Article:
Figure 2. Flame Challenge 2016 – What is Sound? Alan Alda
Centre for Communicating Science, Stony Brook, NY.
As a teacher, you may find yourself wondering why you should tell your students about this. What’s in it for them? Here’s what Mr. Alda says in response to that: “Judging requires critical thinking, working together and synthesising knowledge,” he said. Michelle Miller, a teacher at Selden Middle School, New York, shared her experience after her class’s  participation: “This experience provides such good analytic skills. They were not only reading for information but reading the entries in order to evaluate them. This propelled them to a higher level thinking skill immediately. They noticed when several scientists talked about the same piece of information. ... My students were invested in the results and were so excited that many of them picked the video winner. The repetition of the reading and video pieces was also an excellent learning tool and offered us an authentic reason to do close reading.” 
Figure 3. Students judging submitted entries. Alan Alda Centre
for Communicating Science, Stony Brook, NY. URL: http://www.
Have you found yourself in a situation where you’ve had all the facts but still found it difficult to explain something to your students? Even a cursory glance through the winning entries quickly shows us the importance of choosing the right amount of detail and of using analogies in communicating science. For instance, the winning entry to explain sleep (Flame Challenge 2015) compared it to “a superpower, a TV with static, a braincleaning system”. How wonderfully vivid! Similarly, the winning entry to explain colour (Flame Challenge 2014) explains it so: “Did you know that dogs don’t see all the colours that we do? ….. Colour itself isn’t a thing, like a pencil or a notebook. It is how our eyes interpret light reflected off of objects. That is why we cannot see colour in the dark — there is no light to reflect….”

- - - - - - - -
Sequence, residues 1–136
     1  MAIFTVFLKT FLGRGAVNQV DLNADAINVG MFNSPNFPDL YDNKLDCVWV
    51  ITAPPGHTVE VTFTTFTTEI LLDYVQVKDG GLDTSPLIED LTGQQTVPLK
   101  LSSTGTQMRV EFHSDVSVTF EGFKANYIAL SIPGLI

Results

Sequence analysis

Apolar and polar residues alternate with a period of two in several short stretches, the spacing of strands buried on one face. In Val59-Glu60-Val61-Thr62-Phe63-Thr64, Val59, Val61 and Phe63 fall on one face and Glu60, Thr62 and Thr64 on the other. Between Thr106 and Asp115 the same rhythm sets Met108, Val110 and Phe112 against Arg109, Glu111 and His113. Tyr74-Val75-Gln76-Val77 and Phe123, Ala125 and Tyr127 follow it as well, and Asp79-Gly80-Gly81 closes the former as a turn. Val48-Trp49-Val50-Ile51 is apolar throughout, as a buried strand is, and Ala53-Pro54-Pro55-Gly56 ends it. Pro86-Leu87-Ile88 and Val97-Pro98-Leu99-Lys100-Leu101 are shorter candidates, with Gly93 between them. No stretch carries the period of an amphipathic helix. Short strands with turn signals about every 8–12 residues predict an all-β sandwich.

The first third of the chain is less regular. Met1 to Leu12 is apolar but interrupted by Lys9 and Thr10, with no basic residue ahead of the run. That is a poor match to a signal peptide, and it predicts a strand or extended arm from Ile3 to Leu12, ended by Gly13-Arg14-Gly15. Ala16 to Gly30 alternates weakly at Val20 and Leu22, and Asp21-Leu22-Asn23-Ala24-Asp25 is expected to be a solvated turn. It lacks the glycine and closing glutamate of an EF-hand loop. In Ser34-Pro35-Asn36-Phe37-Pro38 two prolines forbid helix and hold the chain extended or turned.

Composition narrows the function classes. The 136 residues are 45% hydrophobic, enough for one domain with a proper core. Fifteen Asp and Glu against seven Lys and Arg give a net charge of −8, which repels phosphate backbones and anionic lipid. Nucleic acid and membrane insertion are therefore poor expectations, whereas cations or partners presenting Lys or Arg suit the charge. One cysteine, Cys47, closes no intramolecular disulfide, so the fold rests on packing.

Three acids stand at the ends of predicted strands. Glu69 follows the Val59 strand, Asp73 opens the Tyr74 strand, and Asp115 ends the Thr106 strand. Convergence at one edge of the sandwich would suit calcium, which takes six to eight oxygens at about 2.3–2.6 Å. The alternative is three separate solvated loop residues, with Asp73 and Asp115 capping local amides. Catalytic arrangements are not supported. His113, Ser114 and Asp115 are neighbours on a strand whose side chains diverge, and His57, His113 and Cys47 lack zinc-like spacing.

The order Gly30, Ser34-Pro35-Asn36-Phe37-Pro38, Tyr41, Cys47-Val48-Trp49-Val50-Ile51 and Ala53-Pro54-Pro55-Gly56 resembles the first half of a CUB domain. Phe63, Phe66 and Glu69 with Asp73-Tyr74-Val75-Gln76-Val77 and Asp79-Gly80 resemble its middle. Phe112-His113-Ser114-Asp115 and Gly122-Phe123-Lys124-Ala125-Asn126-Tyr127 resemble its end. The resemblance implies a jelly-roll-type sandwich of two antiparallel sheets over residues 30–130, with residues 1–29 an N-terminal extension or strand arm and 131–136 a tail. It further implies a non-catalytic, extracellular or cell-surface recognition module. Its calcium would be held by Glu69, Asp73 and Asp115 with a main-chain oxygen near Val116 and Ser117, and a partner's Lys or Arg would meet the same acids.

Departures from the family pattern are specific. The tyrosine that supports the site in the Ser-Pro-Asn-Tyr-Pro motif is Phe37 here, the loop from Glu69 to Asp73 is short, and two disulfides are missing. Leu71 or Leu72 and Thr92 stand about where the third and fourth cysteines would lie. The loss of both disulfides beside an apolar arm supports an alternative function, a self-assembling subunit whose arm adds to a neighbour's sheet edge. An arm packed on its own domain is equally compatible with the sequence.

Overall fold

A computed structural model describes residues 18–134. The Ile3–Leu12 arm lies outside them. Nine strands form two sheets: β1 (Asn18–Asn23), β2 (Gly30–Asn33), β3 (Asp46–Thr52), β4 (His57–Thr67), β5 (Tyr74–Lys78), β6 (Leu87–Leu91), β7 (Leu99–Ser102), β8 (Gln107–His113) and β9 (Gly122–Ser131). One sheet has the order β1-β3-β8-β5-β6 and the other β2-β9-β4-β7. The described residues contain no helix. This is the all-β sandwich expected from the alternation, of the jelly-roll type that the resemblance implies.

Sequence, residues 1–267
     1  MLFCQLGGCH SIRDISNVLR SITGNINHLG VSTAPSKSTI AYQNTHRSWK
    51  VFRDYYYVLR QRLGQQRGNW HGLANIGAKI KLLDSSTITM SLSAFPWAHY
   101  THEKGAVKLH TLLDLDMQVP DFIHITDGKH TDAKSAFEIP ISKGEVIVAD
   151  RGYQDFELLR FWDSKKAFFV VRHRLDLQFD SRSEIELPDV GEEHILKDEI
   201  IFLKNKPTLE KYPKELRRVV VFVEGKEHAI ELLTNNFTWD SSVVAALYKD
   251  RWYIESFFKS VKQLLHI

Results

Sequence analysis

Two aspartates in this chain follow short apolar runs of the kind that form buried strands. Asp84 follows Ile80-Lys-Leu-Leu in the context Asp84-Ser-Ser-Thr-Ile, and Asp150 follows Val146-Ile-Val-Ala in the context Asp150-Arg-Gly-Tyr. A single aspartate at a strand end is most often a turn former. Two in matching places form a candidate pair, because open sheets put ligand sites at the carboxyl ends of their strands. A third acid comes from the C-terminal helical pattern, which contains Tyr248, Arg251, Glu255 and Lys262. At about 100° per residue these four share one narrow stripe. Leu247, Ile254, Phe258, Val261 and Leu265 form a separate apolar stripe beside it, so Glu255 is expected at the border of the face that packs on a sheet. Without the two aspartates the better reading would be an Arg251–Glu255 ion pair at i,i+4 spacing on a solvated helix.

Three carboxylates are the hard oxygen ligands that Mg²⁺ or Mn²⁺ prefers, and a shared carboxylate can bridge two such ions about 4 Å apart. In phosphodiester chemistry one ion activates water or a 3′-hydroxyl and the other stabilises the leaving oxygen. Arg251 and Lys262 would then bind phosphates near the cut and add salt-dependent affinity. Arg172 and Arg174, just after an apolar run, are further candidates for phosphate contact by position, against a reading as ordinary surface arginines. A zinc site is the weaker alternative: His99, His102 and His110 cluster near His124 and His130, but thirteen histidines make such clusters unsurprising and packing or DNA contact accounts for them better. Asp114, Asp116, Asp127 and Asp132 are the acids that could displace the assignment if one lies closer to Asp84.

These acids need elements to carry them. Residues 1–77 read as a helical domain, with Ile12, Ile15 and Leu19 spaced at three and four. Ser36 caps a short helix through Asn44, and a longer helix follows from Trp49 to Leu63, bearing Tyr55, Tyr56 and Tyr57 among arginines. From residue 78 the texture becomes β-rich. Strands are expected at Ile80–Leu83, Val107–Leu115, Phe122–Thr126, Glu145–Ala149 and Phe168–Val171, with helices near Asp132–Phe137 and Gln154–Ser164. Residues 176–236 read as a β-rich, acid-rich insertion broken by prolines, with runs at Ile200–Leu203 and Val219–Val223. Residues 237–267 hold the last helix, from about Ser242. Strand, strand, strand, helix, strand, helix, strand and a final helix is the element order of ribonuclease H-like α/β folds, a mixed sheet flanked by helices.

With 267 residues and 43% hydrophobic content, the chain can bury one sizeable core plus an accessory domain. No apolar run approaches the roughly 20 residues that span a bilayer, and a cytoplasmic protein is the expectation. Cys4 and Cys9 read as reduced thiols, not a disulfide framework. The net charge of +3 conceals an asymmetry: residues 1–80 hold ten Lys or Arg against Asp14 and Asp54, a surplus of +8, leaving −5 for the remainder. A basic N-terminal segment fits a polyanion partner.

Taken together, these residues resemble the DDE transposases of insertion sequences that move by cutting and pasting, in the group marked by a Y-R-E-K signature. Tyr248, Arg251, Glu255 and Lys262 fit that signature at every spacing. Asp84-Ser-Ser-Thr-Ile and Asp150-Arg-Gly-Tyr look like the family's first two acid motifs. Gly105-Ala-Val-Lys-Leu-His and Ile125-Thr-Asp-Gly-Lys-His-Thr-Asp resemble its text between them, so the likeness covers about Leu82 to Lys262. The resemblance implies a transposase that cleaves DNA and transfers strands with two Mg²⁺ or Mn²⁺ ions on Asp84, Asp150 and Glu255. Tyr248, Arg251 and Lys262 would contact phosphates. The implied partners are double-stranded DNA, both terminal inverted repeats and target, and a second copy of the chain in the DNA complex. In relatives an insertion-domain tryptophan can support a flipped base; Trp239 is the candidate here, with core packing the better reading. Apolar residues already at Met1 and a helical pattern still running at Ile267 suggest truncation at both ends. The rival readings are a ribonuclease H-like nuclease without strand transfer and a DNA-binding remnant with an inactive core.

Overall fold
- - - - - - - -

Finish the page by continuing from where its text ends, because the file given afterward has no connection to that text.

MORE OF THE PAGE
Going on now is the registration of classes for judging this year’s challenge question: What is sound?
Tens of thousands of kids from all over the world have excitedly delved into the mysteries of nature as they’ve judged the scientists’ entries. For adults who try answering these very same questions, the idea is to test not how much they know but how effectively they can communicate this understanding to engage kids.
Too much of science instruction involves providing students with the knowledge of established facts and having them apply this information to pre-defined problems (often replete with answers at the end of the textbook). Such a system breeds conformity, not curiosity! This is ironical because it goes contrary to what science is — it is not information; it is a way of making sense of the world around us.

Reeteka Sud is the Education Coordinator for IndiaBioscience. A neuroscientist by training, she is passionate about science communication. She can be reached at reeteka@indiabioscience.org.